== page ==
The main collection of trees that make up the Arboretum will continue to be managed throughout 2024/2025. This will primarily be undertaken in the Arboretum where we are felling trees that have been marked up as dying or overpopulated within the collection. Any trees that will be felled will be replaced.

Lynford Stag changes   

New wellbeing walking trail

We have been working on a new wellbeing walk which will start at Lynford Stag, traveling along the old coach road, visiting the Arboretum on its way and circling round to end up back at Lynford Stag. This walk will be three miles in length with thoughtful and inspirational information boards along the way regarding wellbeing. This will be installed summer 2024.

Frequently asked questions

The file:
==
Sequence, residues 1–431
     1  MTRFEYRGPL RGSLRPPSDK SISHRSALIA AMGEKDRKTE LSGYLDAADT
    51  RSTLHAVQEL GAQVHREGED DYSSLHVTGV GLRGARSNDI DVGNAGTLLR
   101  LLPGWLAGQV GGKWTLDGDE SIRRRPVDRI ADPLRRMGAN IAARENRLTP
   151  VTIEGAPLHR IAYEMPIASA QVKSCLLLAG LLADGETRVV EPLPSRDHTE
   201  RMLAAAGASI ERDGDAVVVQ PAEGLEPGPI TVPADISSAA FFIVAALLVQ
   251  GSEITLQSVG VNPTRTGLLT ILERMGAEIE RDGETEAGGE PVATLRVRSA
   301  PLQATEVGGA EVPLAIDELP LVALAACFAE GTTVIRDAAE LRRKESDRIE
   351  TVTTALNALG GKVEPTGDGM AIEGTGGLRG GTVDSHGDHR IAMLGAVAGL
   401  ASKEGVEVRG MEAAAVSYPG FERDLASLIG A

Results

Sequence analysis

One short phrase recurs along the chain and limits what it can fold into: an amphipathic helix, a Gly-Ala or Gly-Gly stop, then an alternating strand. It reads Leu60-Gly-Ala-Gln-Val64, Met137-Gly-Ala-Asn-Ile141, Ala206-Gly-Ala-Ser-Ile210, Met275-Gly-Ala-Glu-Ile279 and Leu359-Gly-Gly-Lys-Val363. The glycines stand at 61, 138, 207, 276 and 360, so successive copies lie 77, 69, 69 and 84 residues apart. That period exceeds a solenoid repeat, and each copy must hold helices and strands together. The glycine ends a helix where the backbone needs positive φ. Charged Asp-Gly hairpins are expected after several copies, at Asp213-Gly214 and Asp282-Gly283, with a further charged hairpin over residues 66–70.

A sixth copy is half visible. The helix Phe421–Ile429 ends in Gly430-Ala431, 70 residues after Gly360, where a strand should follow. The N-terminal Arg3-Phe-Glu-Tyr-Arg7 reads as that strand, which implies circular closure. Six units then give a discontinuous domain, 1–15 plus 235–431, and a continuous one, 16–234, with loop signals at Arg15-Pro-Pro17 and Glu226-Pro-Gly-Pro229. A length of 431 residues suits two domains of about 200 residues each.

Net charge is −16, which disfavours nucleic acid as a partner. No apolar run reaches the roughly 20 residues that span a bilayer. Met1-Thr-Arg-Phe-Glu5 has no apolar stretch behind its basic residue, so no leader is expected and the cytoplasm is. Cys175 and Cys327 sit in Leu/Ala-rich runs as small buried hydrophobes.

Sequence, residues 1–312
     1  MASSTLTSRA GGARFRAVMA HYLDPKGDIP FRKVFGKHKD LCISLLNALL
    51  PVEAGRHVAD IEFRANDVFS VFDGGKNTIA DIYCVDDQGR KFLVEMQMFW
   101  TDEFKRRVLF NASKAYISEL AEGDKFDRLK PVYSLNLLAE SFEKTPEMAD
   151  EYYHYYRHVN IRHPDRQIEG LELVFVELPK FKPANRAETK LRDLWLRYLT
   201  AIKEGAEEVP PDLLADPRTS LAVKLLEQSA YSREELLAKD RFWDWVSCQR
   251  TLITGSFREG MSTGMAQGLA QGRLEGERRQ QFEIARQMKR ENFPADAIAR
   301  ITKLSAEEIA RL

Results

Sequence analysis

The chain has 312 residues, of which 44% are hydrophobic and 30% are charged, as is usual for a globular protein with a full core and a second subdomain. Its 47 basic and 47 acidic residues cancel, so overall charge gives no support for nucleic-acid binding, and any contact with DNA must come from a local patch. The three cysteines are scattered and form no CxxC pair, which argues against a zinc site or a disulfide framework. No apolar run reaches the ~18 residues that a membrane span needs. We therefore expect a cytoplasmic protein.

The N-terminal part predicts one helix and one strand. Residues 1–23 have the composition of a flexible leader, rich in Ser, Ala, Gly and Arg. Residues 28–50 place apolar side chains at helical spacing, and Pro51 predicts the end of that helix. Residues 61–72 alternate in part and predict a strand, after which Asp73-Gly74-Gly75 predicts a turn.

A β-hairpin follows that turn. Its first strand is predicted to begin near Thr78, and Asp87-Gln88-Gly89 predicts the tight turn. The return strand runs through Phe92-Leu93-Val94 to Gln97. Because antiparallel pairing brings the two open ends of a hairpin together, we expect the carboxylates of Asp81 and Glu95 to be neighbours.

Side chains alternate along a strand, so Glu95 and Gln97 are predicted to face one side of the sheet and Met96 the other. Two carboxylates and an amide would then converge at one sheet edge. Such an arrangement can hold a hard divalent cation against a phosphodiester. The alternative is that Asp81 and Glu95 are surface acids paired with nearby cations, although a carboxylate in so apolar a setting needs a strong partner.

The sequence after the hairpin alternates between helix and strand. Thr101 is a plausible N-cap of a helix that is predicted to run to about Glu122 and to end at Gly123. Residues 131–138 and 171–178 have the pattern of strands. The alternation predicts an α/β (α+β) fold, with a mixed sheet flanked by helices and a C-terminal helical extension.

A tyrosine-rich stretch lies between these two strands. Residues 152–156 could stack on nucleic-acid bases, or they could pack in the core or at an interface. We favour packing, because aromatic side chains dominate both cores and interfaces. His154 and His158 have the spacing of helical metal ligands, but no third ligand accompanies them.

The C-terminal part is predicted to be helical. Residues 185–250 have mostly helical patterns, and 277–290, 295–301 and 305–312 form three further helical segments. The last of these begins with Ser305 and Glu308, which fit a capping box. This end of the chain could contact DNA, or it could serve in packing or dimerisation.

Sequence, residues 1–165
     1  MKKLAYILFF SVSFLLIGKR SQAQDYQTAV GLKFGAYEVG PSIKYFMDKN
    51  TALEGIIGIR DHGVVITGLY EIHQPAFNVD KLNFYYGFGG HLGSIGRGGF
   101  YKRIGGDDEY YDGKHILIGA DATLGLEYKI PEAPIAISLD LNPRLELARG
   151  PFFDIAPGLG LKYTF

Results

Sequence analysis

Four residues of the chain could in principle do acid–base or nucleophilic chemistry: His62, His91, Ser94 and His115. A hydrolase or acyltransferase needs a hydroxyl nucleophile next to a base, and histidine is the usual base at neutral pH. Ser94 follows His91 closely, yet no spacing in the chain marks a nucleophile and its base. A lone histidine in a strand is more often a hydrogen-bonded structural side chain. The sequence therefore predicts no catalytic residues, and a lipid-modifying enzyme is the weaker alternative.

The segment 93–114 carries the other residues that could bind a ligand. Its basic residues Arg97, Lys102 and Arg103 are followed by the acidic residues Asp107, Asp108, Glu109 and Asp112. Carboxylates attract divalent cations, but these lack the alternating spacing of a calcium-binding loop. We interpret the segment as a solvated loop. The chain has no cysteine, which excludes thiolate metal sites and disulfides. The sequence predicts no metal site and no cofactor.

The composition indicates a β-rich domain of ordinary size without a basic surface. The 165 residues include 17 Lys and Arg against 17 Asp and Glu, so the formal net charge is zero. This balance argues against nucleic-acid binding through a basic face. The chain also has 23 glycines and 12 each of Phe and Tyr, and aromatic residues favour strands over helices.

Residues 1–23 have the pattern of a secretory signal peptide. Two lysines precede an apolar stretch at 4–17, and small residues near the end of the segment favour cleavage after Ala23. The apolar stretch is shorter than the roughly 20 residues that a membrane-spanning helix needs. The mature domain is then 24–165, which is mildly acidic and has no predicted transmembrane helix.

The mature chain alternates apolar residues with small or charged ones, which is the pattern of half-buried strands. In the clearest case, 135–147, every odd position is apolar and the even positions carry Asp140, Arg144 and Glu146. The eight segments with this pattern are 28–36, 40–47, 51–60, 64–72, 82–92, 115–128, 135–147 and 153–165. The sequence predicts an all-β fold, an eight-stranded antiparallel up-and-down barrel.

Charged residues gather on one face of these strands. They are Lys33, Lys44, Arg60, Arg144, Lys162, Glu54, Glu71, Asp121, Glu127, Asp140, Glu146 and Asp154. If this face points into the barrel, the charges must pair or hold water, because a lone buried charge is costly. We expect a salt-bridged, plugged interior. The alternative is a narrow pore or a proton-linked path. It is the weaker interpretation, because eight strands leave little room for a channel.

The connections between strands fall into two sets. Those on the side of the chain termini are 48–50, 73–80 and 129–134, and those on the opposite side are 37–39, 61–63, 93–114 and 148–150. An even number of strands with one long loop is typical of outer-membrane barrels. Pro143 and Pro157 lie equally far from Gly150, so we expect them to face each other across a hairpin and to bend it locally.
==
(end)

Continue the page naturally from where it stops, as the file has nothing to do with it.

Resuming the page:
Can I still visit Lynford Arboretum, Water or Stag? 

While this work is going on you may not be able to visit Lynford Arboretum and Lynford water dependent on the tasks being carried out. 

You can still visit when we are removing the dog activity course, but please note that there will be staff and contractors on site to remove the structures of the course. There will be a potential closure of the extension off the Arboretum while they deconstruct the activity course - please follow all diversions and safety signage.

The dams will continue to be monitored and maintained by our civil engineering department throughout 2024. There will also be work within the next year to manage these structures. 

When the main harvesting work is happening at Lynford Arboretum no public will be allowed to access both Lynford Arboretum and Lynford Water for two weeks. The estimated date for this is June or July 2024. 

The management of the collection at the Arboretum will be an ongoing project. During the management and maintenance members of the public are still allowed to access the Arboretum, however there might be diversions and closures in place.